Robert Paterson was introduced to the Lenox area in the late 1890′s by his friend John Sloan (of W&J Sloane). Lenox already had many great estates, prompting the area to be known as “the queen of inland resorts” or, as Cleveland Amory wrote, “the Switzerland of America.”
Paterson acquired the Lenox estate of 220 acres called “Highlawn” from the Dorr family. He tore down the modest house, keeping the outbuildings. Hence, the Carriage House Stables and Potting Shed date from the late 19th century. He set about building a property on a grand scale, although the initial plans were purported to be drawn on the back of an envelope by the architect, Robert Henderson Robertson. Robert Paterson’s concept was for no less than a castle of “feudal architectural features,” replete with towers, turrets and gargoyles. The house was modeled after his mother’s ancestral home in Blantyre, Scotland. Construction began in 1901, at times employing over 300 people on the grounds and buildings.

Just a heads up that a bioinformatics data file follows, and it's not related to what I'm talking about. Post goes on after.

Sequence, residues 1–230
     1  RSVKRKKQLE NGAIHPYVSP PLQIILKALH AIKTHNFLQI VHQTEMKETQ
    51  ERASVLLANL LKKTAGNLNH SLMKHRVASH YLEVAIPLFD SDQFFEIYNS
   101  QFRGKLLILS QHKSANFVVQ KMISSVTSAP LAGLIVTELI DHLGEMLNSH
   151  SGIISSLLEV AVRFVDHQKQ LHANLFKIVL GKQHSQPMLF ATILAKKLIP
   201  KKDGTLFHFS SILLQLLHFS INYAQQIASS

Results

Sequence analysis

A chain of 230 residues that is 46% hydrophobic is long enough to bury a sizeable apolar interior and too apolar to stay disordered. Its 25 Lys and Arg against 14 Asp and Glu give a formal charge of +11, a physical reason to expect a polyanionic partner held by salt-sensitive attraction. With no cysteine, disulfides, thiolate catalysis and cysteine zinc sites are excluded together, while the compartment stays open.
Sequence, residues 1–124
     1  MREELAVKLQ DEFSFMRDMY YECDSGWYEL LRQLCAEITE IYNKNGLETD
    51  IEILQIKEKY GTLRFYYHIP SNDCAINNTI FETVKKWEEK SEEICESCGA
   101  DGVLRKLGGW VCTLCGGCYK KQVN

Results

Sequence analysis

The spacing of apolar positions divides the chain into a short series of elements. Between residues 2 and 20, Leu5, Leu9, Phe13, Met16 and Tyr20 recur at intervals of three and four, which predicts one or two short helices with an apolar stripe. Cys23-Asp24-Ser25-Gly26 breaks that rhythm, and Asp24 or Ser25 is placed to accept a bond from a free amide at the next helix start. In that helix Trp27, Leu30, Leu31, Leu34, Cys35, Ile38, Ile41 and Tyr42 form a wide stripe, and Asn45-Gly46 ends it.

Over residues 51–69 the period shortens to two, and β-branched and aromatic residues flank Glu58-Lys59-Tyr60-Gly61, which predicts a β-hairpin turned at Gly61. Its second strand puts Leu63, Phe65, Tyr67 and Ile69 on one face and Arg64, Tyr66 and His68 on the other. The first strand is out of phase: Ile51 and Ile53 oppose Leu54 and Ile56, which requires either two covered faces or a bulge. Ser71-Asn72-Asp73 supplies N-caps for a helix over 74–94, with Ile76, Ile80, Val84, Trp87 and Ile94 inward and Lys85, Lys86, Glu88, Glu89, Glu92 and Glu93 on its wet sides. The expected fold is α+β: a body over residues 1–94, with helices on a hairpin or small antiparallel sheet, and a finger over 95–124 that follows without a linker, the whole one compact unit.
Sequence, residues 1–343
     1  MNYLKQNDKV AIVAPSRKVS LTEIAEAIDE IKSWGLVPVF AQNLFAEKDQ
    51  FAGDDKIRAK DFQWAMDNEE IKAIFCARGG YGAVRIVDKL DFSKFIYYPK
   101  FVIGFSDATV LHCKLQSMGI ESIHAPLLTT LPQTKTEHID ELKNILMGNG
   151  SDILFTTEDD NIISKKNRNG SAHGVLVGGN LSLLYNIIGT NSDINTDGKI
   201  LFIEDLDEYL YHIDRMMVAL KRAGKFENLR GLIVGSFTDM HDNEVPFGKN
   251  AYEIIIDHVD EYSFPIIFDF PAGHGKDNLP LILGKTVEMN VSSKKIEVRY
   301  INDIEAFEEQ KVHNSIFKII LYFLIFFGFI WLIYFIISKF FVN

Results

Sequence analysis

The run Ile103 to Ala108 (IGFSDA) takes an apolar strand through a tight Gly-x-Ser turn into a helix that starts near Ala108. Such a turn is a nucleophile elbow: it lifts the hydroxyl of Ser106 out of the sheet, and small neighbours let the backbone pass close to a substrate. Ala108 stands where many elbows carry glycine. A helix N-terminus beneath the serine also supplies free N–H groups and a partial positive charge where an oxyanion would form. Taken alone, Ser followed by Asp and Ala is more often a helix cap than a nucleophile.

The main house was furnished in the English style with all the furniture being brought in from England. The family used the house for the summer and fall and entertained frequently, as was the fashion in those days. There were garden parties with musicians imported from New York and grand dinner-dances with each party becoming more and more lavish, befitting the “Gilded Age.”
When the end of the era came some 15 to 20 years later, hastened by the introduction of the income tax, so, too, ended a lifestyle that was never to be repeated. Over the next 60 years Blantyre went through several transitions, including a particularly destructive period in the 1970′s.
In 1980, Jack and Jane Fitzpatrick fell in love with the abandoned Blantyre and organized to purchase it for their daughter, Ann Fitzpatrick Brown, who became the eighth owner. Determined to restore it to its former elegance, Ann reopened Blantyre in 1981, after extensive renovation. Blantyre achieved the vision of the Fitzpatricks – a beautiful country house, recognized as one of the finest hotels in the world, where guests can come and stay and experience the life and service of a bygone era.
Beginning in 2000, Ann and the staff of Blantyre planned and worked toward fully winterizing Blantyre. In May, 2005 Blantyre opened its doors for the first time in 25 years as a year round operation, with as well “the potting shed”, Blantyre’s cozy and intimate spa.